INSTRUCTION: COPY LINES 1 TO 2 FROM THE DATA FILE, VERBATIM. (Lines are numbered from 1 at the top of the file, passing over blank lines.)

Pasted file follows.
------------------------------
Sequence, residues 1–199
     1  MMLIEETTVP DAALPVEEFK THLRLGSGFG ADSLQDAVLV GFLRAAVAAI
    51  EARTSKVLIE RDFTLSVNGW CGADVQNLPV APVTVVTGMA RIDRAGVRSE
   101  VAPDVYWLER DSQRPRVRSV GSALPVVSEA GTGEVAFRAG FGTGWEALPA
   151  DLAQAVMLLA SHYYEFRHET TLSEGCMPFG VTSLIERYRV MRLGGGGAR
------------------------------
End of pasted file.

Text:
Sequence, residues 1–199
     1  MMLIEETTVP DAALPVEEFK THLRLGSGFG ADSLQDAVLV GFLRAAVAAI